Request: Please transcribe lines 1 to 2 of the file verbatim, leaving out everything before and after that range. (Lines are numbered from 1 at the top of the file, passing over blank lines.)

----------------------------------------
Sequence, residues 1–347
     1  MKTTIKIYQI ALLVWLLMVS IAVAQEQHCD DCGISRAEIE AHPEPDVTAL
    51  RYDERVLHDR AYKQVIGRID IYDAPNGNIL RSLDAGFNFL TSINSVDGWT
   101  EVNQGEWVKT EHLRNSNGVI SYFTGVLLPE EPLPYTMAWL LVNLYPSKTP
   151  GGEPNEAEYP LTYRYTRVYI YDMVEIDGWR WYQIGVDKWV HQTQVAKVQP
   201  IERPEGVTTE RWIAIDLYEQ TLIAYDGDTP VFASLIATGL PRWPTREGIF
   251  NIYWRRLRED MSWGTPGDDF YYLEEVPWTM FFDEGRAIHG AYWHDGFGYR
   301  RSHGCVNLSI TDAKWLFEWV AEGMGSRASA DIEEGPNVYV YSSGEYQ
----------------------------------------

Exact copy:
Sequence, residues 1–347
     1  MKTTIKIYQI ALLVWLLMVS IAVAQEQHCD DCGISRAEIE AHPEPDVTAL